Summer 2003

Franklin's Many Faces

Benjamin Franklin by Edmund S. Morgan (New Haven: Yale University Press, 2002)
To Begin the World Anew: The Genius and Ambiguities of the American Founders by Bernard Bailyn (New York: Alfred A. Knopf, 2003)

benjamin franklinBrandon Brame Fortune
Associate Curator of Painting and Sculpture

In 1779, now in his second year as a representative of America’s Revolutionary cause in France, Benjamin Franklin (1706–1790) could not help boasting a little to his daughter of the vogue for his portraits among the French. The production of his likenesses in sculpture, oils, and prints, “of which copies upon copies are spread everywhere,” he reported, “have made your father’s face as well known as that of the moon, so that he durst not do any thing that would oblige him to run away, as his phiz would discover him wherever he should venture to show it.”

Franklin’s wry comment on his celebrity was apt. His extraordinary skill in diplomacy had won much-needed French support for the American cause, and along the way he had become the toast of Paris. To some extent, his popularity stemmed from his fame as the scientist who had unlocked the secrets of electricity, but it was owing as well to his own astute sense of the European audience he was playing to. Two recent studies of Franklin by Bernard Bailyn and Edmund Morgan, distinguished historians of the colonial period, bring us closer to his world, and his role within it, including the uses he made of his visual image.

Bernard Bailyn’s book is a series of essays bound by their emphasis on the broader Atlantic context for the Revolutionary generation. Bailyn, professor emeritus of history at Harvard, focuses on the provinciality of this generation, and argues that their marginality “profoundly conditioned their lives and . . . stimulated their imaginations, freed them from instinctive respect for traditional establishments, and encouraged them to create a new political world.” One of his essays investigates Franklin’s creative manipulation of his own “provincial” persona through portraiture. For Bailyn, Franklin’s visual image shifted over time to express Enlightenment aspirations and goals, and Franklin actively participated in shaping it, a process best seen during the years in which he moved “into the Parisian core of the enlightened world.” Bailyn’s essay is not the work of an art historian. He relies on an exhaustively researched 1962 study of Franklin’s portraits by Charles Coleman Sellers for documentation. His insights into Franklin’s self-fashioning are instead the product of a career-long engagement with the history of the Revolutionary period and, as such, provide a fascinating view of Franklin’s portraits—from the man of science depicted during his London years by Mason Chamberlin and David Martin, to the philosophe in plain clothes and fur hat made famous by Charles Nicolas Cochin and Jean-Baptiste Nini, and the busts made by Jean- Jacques Caffieri and Jean-Antoine Houdon. Bailyn saves his greatest accolades for the portrait painted by Joseph Siffred Duplessis in 1778, a painting that “radiates experience, wisdom, patience, tolerance, and a world-weariness beyond all cleverness and guile.” The version of the portrait by Duplessis owned today by the National Portrait Gallery belonged during Franklin’s lifetime to one of his favorite companions in France, Madame Brillon de Jouy (Anne-Louise d’Hardancourt Brillon de Jouy). Edmund Morgan, who has published a superb short biography of Franklin, describes their relationship in sprightly, insightful prose. They drank tea, played chess, and exchanged witty and affectionate conversation that was continued through letters, “each claiming an unsurpassable love for the other.” This flirtatious relationship, not quite passionate, but not exactly platonic, was one of many that Franklin sustained in the salons of Paris. As Morgan notes, “They certainly made life in France worth living in a way that nothing else had quite equaled.”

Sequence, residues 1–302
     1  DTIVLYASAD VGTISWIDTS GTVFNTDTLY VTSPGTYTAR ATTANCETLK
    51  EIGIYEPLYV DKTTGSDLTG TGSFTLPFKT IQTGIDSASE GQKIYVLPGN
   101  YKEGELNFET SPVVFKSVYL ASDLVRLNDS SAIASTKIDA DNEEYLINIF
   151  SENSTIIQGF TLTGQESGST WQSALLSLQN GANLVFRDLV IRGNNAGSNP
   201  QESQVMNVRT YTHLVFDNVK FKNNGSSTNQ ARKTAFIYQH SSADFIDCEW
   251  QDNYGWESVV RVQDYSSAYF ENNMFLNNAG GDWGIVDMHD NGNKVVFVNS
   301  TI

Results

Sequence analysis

In approximately three hundred pages of easy-to-read type, with well-chosen illustrations, Morgan includes enough of Franklin’s biography and accomplishments to enable us to begin to understand the complexities of the man. As he notes, “it is meant only to say enough about the man to show that he is worth the trouble.” Morgan, professor emeritus of history at Yale University, is one of the foremost historians of colonial American history and culture. He is also chairman of the advisory board of the Franklin Papers project. The introduction that he was asked to write for a new CD-ROM version of the Franklin letters grew into this book. He notes in the preface: “Franklin can reach us in writing that speaks with a clarity given to few in any language at any time, and writing was his favored mode of communication. We can read his mail.” By making judicious use of this primary material, Morgan reveals Franklin’s charisma, his insatiable curiosity, and his propensity for public service—to his Philadelphia community, to colonial governments, and to the emerging United States.

Images:  Benjamin Franklin, cast after Jean-Antoine Houdon, 1778; Benjamin Franklin by Joseph Siffred Duplessis, c. 1785, gift of the Morris and Gwendolyn Cafritz Foundation; Benjamin Franklin by Jean-Babtiste Nimi, 1777

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